|کد مقاله||کد نشریه||سال انتشار||مقاله انگلیسی||ترجمه فارسی||نسخه تمام متن|
|2426402||1553155||2016||4 صفحه PDF||سفارش دهید||دانلود کنید|
• This study examines an effect of physical, emotional, and cognitive effort on the subjective value of the reward in gain and loss situations.
• Increasing response effort increases the amount of money forgone and pay to avoid engaging in a task.
• Furthermore, there is an individual consistency in effort aversion in each situation.
Evidence suggests that factors associated with obtaining a reward, such as the probability of receiving it, or temporal delays, could influence the reward’s subjective value. Several studies have suggested that increasing the effort required decreases the subjective value of a reward. Nevertheless, the nature of effort that results in discounting, discounting in a loss situation, and individual consistency in effort aversion across different types of effort have all remained unclear. Therefore, the present study examined whether physical, emotional, and cognitive efforts induce discounting of subjective reward value under two hypothetical situations. In the gain situation, participants made a choice about engaging in effortful work to obtain a reward, whereas in the loss situation they paid a reward to another person to do the work. The results demonstrated that increasing physical, emotional, and cognitive effort caused discounting of the subjective reward value in both situations. Additionally, the results suggested a relatively high degree of individual consistency in effort aversion in each situation, and a moderate degree of consistency across the two situations.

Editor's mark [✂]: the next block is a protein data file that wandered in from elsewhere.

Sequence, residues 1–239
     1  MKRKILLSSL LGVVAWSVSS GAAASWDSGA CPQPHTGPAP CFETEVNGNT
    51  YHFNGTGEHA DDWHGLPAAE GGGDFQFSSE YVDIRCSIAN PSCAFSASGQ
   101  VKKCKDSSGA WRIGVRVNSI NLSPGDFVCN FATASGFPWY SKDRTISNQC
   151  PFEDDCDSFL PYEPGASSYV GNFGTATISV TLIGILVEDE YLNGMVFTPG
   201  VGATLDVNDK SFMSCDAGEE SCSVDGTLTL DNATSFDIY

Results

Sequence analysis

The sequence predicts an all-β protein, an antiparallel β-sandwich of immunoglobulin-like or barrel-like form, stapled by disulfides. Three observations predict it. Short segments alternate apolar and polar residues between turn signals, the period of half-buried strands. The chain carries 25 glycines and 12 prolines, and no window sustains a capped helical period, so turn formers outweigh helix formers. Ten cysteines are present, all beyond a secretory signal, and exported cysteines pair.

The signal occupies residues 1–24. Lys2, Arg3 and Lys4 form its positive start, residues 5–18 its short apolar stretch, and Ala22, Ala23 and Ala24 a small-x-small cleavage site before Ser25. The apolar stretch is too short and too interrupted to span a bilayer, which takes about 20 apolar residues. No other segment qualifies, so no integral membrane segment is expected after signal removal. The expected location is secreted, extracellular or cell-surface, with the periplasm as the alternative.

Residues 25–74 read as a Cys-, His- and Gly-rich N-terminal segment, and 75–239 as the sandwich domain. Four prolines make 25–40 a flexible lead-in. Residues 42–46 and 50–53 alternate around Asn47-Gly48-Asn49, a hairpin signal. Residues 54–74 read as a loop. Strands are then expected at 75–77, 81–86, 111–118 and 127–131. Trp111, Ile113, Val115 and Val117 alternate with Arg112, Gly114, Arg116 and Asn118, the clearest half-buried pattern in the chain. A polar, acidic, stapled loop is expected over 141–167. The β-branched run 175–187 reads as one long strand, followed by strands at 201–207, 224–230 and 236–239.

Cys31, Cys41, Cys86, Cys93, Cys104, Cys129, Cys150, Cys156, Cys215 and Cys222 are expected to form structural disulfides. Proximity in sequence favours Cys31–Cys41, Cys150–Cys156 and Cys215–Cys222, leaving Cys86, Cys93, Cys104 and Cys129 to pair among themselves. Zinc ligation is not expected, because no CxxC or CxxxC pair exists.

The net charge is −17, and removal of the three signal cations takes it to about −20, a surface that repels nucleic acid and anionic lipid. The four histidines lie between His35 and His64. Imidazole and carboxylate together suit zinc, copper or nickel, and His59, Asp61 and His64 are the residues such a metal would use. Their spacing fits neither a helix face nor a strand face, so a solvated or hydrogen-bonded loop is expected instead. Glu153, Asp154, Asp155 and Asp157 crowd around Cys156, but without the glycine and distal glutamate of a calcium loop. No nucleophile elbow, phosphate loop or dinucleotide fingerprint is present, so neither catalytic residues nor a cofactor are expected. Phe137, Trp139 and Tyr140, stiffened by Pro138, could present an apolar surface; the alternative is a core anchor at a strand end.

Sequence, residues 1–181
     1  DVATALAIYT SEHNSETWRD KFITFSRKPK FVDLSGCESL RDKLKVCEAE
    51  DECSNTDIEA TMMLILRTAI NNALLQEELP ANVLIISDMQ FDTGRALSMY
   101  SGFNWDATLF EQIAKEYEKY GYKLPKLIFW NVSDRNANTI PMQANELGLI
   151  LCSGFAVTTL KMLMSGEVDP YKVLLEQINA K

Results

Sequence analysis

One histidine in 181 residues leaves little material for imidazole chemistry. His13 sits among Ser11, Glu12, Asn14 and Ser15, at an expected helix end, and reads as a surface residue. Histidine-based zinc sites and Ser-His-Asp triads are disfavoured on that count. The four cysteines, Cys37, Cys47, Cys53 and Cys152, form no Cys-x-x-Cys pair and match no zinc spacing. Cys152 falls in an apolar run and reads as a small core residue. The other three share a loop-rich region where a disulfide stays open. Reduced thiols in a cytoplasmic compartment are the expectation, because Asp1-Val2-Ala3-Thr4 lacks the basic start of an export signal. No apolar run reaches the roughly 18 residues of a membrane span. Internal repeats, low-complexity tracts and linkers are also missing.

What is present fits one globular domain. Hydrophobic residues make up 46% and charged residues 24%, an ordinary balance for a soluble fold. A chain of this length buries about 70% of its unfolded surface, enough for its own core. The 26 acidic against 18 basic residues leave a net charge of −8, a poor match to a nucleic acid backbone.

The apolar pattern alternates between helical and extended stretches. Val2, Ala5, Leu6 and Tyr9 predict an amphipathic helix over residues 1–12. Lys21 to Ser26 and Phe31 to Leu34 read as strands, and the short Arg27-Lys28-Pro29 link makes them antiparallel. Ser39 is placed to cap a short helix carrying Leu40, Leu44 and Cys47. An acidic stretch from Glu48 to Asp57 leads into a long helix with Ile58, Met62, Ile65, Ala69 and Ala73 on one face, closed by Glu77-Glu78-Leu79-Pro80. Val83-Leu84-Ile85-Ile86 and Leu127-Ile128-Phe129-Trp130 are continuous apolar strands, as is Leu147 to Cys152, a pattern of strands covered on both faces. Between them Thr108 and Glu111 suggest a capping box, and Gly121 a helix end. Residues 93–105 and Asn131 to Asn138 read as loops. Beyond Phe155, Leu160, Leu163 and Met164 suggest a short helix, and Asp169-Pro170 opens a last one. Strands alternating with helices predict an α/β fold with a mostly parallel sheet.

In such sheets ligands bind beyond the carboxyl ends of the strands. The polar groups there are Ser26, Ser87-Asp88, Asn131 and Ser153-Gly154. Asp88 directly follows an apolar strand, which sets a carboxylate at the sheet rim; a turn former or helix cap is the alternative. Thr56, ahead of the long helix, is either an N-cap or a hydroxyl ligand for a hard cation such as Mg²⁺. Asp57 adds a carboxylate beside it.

Journal: Behavioural Processes - Volume 125, April 2016, Pages 72–75